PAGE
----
This IEEE article (http://spectrum.ieee.org/green-tech/advanced-cars/speed-bumps-ahead-for-electricvehicle-charging) states a Level 2 EV charger can draw as much as 6.6 kilowatts.

Sure.. (5, Insightful)

Mr0bvious (968303) | more than 4 years ago | (#32883098)

Yes but plasma TVs replaced CRT TVs.

And I expect there was a rather large switch from incandescent to compact fluorescent globes around the same time - which may have given greater savings than losses from those plasmas....

But what on earth kind of argument is that? Electric cars wont be a problem coz plasma TVs weren't.... How absurd.

How Many Plasma TVs? (4, Insightful)

BBCWatcher (900486) | more than 4 years ago | (#32883116)

The load of one plug-in recharging (about 2 kilowatts) is roughly the same as that of four or five plasma television sets. Plasma TVs hardly brought worries about grid crashes.

Probably because households buying plasma televisions purchase one, maybe two, and they are replacing cathode tube (with shadow mask) televisions which have been consuming electric load since the 1950s. And those plasma TVs are not operating for too many hours (hopefully), never mind that LCD televisions are far more popular. It's not surprising that many people are at least more concerned when typical two-car households each might add the equivalent of 8 to 10 plasma televisions of net new electricity consumption to the grid. Thankfully that consumption should be off-peak, especially if timed chargers and peak electricity pricing are mandated, but the plasma TV analogy breaks down very quickly.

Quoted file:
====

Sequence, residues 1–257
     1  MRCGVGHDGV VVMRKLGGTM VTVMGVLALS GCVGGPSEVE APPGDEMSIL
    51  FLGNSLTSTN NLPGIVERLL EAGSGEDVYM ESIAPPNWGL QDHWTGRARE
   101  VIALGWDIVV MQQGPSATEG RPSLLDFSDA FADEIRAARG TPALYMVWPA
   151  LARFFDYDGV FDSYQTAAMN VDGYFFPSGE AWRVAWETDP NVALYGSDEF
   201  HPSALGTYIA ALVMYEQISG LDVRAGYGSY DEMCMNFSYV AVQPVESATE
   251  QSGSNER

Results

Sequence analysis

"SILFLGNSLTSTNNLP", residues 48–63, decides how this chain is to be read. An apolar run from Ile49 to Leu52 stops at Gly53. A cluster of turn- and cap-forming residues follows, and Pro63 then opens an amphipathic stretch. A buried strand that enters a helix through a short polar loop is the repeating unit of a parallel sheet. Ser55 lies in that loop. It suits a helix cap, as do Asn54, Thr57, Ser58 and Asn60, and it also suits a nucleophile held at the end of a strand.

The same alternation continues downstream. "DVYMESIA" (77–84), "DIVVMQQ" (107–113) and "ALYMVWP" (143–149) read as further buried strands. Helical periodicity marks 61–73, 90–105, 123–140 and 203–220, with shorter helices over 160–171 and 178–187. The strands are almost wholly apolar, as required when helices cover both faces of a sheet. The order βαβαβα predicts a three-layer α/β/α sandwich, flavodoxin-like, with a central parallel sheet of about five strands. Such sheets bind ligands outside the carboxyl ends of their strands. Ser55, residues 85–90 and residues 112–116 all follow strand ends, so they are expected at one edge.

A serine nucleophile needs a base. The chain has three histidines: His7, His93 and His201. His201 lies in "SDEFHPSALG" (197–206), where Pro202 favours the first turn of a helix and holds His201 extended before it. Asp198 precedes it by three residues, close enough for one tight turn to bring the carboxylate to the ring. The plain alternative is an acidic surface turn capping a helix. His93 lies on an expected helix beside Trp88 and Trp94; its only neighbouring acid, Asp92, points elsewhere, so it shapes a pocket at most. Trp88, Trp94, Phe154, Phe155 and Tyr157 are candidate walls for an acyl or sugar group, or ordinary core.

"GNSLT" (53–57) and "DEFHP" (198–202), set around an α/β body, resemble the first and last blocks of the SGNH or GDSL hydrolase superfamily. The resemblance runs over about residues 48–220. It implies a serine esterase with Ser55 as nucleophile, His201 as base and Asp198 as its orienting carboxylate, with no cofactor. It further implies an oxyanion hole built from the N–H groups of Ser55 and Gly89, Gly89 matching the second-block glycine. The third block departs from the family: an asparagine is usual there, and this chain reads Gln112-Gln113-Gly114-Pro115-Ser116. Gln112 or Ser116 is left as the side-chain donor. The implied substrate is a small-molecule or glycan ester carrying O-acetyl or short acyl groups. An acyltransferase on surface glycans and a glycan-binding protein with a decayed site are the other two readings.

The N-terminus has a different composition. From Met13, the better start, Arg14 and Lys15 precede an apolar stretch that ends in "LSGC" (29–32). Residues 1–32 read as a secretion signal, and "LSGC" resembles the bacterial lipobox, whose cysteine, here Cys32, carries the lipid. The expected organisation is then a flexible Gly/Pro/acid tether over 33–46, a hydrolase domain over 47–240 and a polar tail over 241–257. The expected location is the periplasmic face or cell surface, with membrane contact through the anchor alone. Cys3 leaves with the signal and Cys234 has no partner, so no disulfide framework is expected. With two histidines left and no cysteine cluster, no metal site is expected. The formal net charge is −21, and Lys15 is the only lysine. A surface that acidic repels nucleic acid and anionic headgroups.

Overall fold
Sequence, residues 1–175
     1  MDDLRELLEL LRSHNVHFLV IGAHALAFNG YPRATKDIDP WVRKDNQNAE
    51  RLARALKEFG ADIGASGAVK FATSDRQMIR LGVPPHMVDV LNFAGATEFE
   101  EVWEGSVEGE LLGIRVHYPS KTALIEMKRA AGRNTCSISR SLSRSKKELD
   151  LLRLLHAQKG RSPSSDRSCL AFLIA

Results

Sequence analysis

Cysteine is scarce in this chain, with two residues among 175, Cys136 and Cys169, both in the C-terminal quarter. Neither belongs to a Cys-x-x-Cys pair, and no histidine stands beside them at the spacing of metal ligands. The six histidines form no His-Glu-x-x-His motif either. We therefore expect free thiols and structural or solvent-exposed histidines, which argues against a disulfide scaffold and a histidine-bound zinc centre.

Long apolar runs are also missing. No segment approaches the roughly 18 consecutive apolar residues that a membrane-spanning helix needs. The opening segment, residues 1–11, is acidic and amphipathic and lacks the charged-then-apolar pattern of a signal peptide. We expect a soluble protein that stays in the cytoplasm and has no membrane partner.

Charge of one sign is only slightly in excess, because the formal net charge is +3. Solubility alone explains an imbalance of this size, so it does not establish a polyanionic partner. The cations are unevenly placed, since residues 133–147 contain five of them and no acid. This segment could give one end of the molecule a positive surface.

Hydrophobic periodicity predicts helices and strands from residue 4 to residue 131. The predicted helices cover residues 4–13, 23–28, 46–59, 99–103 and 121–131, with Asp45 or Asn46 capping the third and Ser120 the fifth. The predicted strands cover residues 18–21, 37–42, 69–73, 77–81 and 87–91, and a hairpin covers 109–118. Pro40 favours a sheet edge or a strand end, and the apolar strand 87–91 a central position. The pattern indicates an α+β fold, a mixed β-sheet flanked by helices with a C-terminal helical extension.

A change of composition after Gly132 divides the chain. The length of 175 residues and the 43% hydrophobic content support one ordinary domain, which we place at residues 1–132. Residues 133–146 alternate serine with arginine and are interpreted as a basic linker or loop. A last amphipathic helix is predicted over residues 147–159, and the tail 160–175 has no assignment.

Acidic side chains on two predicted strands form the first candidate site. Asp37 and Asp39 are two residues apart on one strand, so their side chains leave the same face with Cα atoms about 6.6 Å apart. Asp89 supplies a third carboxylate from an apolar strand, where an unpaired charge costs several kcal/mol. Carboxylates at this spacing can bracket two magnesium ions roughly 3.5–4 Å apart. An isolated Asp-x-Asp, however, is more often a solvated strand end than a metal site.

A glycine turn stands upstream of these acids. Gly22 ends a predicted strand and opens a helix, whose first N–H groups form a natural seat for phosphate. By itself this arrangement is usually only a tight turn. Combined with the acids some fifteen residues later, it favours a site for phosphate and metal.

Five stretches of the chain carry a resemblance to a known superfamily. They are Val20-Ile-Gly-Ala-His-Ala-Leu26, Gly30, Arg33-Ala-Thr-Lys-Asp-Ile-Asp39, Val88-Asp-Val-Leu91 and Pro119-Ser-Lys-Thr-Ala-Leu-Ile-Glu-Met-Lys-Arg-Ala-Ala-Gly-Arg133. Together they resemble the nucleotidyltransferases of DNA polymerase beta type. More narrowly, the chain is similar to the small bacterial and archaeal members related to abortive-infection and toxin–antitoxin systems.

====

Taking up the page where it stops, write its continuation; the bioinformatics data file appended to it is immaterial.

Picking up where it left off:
also you need add the cable / sat box draw running (1)

Joe The Dragon (967727) | more than 4 years ago | (#32883296)

also you need add the cable / sat box draw running 24/7 back in the days where cathode tube ones where all over the place you did not need the cable box that much.